9. The ferroelectric liquid crystal composition of claim 1, wherein in the side group liquid crystal polymer, LC has the structure (FX5a), (FX6a), (FX7a) or (FX8a): embedded image where Ar is selected from phenyl, pyrimidine, pyridine, and cyclohexyl having an optional O or S heteroatom in the ring; w is an integer from 0 to 3; R20, R21, R22, R23 and R24 are each independently —H, —F, —Cl, —Br, —CN, —CF3, —OCF3, —OCH3, C1-C6 optionally substituted alkyl where the optional substituents are one or more halogens, and C1-C6 alkoxy; RG is selected from the group consisting of: embedded image where R25 is C1-C6 alkyl or C1-C6 alkoxy; PX is embedded image [—(CH2—CH—S)n—], [—(NH—CH—C(═O))n—], [—(—C(═O)—N—C(═O))n—], [—(Si(CH2)—O)n—], [—(CH2—CH(C(O)═O)n—], [—(CH2—C(CH3)(C(O)═O)n—], [—(CH2CH)n—], [—(CH(CH2CH2))n—] or [—(CH2—CH(CH2CH2))n—] where in each PX n is independently an integer between 50 to 10000; W is —(O)b—(CR13R14)x—(O)b—FX—(O)b—(CR15R16)y—(O)b—, where x and y are each independently integers from 0 to 20; FX is a spacer selected from —S—, —S(═O)—, —O—, —C(═O)—, embedded image where q is an integer from 0 to 10; t is an integer from 1 to 10; each b is independently 0 or 1; and R3, R4, R5 and R6 are each independently selected from optionally substituted C1-C6 alkyl, where the optional substituents are one or more halogens; R13, R14, R15 and R16 are each independently hydrogen or halogen; R27 is C1-C20 alkyl, C1-C20 alkoxy, -Q(CH2)f(CF2)gCF3 or -Q(CH2)f(SiMe2)(CH2)g(CF2)gCF3; where Q is O, S, CO, CO2 or a single bond; each f and g are independently integers from 0 to 10; each T is independently CH or N; where when T is CH, T is optionally substituted with halogen, —CF3, —OCF3, —CN, —OCH3 or —CH3; R2 is selected from: embedded image where X1, X2, X3 and X4 are independently H or halogen; where (a) each Z and each Y is CH, or (b) each Z is N and each Y is CH, or (c) each Y is N and each Z is CH; R7 and R8 are independently —(O)v—(CH2)p—CH3 where p is an integer from 0 to 20 and v is 0 or 1; R9 is embedded image where X1, X2, X3 and X4 are independently H or halogen; where (a) each Z and each Y is CH, or (b) each Z is N and each Y is CH, or (c) each Y is N and each Z is CH; and each L is independently selected from: —O—C(═O)—, —C(═O)—O—, —C═C—, —C≡C—, —(CH2)u—; and a single bond; where u is an integer from 1 to 10.

10. The ferroelectric liquid crystal composition of claim 9, wherein the side group liquid crystal polymer has the structure (FX9), (FX10) or (FX9A): embedded image where n is an integer from 500 to 1,000 and a is an integer from 5 to 9.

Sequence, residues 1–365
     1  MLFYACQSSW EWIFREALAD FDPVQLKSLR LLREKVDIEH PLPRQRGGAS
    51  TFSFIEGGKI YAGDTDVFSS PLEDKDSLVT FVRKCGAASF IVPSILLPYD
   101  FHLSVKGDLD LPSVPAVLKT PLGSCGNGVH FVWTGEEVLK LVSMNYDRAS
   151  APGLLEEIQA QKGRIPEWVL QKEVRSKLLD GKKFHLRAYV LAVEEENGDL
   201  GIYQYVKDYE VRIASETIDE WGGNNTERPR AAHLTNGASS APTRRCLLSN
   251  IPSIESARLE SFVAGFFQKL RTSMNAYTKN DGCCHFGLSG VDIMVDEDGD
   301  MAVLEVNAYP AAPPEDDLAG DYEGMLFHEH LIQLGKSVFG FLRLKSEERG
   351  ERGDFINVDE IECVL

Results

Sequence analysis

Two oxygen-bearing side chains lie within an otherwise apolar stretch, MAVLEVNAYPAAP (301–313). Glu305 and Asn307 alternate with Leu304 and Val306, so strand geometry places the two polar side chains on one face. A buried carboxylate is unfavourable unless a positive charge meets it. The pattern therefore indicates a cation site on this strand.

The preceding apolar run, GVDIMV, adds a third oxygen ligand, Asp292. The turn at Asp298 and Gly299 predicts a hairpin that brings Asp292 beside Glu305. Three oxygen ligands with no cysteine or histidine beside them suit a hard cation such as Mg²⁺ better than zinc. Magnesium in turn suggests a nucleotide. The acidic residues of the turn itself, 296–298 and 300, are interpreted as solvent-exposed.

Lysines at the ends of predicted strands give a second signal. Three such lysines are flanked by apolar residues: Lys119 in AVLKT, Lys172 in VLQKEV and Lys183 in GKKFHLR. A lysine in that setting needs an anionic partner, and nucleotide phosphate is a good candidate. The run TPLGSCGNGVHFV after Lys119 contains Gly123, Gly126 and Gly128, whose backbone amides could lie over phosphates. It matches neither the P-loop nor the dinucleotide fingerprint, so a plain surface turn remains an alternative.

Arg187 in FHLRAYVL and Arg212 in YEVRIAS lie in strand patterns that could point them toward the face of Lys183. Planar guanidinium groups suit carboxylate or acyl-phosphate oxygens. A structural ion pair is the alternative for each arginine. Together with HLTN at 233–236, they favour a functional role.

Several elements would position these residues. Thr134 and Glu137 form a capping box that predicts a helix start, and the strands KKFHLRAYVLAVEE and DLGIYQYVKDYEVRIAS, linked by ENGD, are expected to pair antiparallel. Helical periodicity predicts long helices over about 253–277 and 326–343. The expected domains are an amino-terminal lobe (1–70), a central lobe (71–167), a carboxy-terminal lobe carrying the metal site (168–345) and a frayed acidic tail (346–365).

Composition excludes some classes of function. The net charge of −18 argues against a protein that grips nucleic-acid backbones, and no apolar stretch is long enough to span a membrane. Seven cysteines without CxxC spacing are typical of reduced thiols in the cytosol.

11. The ferroelectric liquid crystal composition of claim 9, wherein in the side-group liquid crystal polymer, PX is a polymer having the structure: embedded image where n is an integer from 50 to 10,000.

12. An optical device comprising: two opposing electrode surfaces; the ferroelectric liquid crystal composition of claim 1 disposed therebetween, wherein the optical device has improved contrast as compared to an optical device containing no side group liquid crystal polymer.

13. A method of preparing a ferroelectric liquid crystal composition, comprising: contacting a ferroelectric liquid crystal host with between 0.01 and 5 wt % of a side group liquid crystal polymer which is soluble in the ferroelectric liquid crystal host at a temperature at which the ferroelectric liquid crystal host is ferroelectric; wherein the side group liquid crystal polymer is polymerized and purified prior to contacting the ferrorelectric liquid crystal host and is not crosslinked; wherein the side group liquid crystal polymer has the structure (FX1): embedded image wherein PX is a polymer; W is a spacer; and LC is a liquid crystal ferroelectric.

14. A ferroelectric liquid crystal composition, comprising: a ferroelectric liquid crystal host; and between 0.01 and 5 wt % of a side group liquid crystal polymer, wherein the side group liquid crystal polymer is polymerized and purified prior to introduction into the ferroelectric liquid crystal host, is not crosslinked and has the structure (FX2): embedded image wherein PX is embedded image where n is independently an integer between 50 to 10000; W is —(O)b—(CR13R14)x—(O)b—FX—(O)b—(CR15R16)y—(O)b—, where x and y are each independently integers from 0 to 20; FX is a spacer selected from —O—, —C(═O)—, embedded image where q is an integer from 0 to 10; t is an integer from 1 to 10; each b is independently 0 or 1; and R3, R4, R5 and R6 are each independently selected from optionally substituted C1-C6 alkyl, where the optional substituents are one or more halogens; R13, R14, R15 and R16 are each independently hydrogen or halogen; each L is independently selected from: —O—C(═O)—, —C(═O)—O—, —(CH2)u—; and a single bond; where u is an integer from 1 to 10; R1 and R2 are each independently: embedded image where X1, X2, X3 and X4 are independently hydrogen, halogen, methoxy, C1-C3 alkyl or —CN; R7 is each independently hydrogen, halogen, and —(O)v—(CH2)p—CH3 where p is an integer from 0 to 20 and v is 0 or 1; R30 and R31 are each independently hydrogen or halogen, wherein the side group liquid crystal polymer is soluble in the ferroelectric liquid crystal host at a temperature at which the ferroelectric liquid crystal host is ferroelectric.

15. The ferroelectric liquid crystal composition of claim 2, wherein the side group liquid crystal polymer has one of the structures: embedded image where n is an integer from 50 to 10000 and each R33 is independently an alkyl group having from 4 to 10 carbon atoms.